On board of leisure yachts there are still diesel engines and more and more I wonder why. Most sailors I know, express their love for the KISS formula. Keep It Simple, Stupid! But they all have diesel engines. Why? They don’t see it as a problem to take a 2 days course on “maintaining your diesel engine”, on the contrary, they like it. While a maintenance course of an electric engine is not necessary, because there is hardly any maintenance, it is reliable by itself. So why this tendency to complexity? When I ask them, they even try to explain that their Yanmar or Penta or Perkins is not a complex engine.
Did you know that a diesel engine has its efficiency on only a small range of power and rotation? Mostly it is efficient somewhere between the 4 and 6 knots speed, with the sails down and on flat water. The electric engine is efficient in nearly its full range (it is only the propeller that could be limited in its efficiency). For example, when you manoeuvre in a harbour or lock, you must give speed with the throttle shortly strongly open. Such a ‘power blow’ in diesel engines is only possible with a lot of smoke, so very inefficient and bad for nature and for you. A power blow with an electric motor is efficient and no harm is done.
A diesel engine should run at least hours, or better: days, or best: weeks. It wears by using it mostly for starts and stops. So I wonder why so many sailors use a diesel engine to come in and out of a harbour, and why they don’t all go for the electric motor.
The only rational advantage I can think of, is the compact energy storage. Especially we leisure yacht skippers, we like to have a lot of motor hours, just in case you need a big range.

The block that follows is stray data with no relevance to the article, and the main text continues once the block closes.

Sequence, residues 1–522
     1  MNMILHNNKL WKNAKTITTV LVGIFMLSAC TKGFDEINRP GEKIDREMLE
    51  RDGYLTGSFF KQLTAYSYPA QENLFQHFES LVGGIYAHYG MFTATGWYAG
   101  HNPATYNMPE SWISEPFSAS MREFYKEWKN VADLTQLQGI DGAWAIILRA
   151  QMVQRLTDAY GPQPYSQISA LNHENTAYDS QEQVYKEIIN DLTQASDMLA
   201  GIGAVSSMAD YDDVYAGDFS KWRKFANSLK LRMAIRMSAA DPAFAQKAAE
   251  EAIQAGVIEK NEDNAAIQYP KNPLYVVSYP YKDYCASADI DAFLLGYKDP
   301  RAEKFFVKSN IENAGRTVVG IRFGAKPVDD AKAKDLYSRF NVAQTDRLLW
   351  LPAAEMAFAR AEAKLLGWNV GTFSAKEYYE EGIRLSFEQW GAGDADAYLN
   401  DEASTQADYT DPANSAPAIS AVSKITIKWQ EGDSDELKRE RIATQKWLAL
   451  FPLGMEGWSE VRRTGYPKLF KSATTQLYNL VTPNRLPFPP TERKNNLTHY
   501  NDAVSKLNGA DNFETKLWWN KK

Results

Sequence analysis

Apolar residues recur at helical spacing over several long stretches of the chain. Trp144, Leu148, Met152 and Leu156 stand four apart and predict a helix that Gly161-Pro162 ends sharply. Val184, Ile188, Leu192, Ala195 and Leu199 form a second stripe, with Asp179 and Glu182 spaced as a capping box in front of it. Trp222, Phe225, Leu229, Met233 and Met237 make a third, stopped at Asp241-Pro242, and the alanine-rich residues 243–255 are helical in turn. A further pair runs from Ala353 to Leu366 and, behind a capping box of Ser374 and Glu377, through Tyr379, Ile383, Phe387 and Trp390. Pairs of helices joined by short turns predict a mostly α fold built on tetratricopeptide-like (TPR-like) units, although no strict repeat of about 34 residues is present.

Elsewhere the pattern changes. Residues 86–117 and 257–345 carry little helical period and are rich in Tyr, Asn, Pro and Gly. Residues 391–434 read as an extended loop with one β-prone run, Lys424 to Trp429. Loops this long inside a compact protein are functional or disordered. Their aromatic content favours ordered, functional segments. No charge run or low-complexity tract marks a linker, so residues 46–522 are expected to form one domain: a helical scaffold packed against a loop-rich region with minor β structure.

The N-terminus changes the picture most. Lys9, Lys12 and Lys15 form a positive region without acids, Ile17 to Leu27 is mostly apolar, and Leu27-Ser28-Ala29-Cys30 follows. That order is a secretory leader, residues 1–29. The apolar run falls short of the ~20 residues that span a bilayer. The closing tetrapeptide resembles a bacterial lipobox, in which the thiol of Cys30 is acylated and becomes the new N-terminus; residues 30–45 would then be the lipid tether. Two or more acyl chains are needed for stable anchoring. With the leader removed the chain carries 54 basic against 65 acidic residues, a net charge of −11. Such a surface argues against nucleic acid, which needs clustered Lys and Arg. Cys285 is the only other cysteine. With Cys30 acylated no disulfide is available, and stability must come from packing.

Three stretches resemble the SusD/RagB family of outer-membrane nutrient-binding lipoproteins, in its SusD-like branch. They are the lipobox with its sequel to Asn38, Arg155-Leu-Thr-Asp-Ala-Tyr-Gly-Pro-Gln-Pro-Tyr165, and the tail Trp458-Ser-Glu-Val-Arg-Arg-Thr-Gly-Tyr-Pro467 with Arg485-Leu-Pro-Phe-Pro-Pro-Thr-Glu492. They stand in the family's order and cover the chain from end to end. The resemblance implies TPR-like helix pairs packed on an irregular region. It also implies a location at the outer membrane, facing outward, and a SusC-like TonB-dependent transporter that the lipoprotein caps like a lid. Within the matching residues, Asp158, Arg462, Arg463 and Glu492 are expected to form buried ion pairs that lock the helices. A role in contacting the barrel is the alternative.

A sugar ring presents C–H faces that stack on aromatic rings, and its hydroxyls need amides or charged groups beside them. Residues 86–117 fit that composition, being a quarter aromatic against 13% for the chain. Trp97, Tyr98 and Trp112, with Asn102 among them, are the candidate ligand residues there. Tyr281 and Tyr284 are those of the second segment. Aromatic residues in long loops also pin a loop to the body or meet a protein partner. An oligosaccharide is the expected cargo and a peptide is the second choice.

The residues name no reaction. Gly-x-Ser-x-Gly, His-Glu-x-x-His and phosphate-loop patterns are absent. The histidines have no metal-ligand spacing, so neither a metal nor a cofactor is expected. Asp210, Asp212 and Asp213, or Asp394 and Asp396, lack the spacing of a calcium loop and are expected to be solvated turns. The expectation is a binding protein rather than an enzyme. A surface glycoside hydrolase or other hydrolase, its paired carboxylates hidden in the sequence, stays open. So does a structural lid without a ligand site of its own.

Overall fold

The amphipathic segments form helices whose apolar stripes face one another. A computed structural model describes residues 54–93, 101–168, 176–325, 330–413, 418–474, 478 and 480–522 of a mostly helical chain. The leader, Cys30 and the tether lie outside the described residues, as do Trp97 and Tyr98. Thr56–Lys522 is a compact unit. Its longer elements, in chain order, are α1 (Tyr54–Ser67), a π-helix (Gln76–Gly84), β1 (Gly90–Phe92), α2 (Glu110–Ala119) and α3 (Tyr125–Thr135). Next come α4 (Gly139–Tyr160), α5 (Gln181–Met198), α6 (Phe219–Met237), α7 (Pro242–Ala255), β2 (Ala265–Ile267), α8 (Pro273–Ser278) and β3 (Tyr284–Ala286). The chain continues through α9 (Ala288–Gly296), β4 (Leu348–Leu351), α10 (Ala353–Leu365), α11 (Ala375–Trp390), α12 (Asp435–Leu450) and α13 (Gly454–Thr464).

But, the range? Well, is this still true? Over the last century a silent revolution has been going on.
The silent revolution of the electric energy storage
Did you know that from 1900 to 2000 the battery silently made a serious development? The energy storage increased a rough 100% (or more) and the endurability increased. Most batteries don’t need maintenance anymore; just a bit of attention is enough. A normal battery life is 6 or more years, and on board of yachts, with a lighter use, this can go up to 10 years or even more.
The most commonly used battery (the lead acid) can be recharged many times. Before 1940 this battery could be recharged from 50 to 100% a couple of hundred times before they stopped holding energy. But nowadays this is more than a 1000 times in this range and they still hold some 60% of their energy.
The last decade the lithium battery shows that the energy storage becomes also lighter in weight. Light enough to put them in cars, such as the Tesla. Problem is that they cannot be extinguished when on fire. You don’t want such batteries on board.
Since some years, the LFP (or LiFePO4, or Lithium Ferro Phosphate) batteries enter the market. They are self-extinguishing. And, they can be recharged over 2000 times from 50 to 100% with hardly any loss of energy content.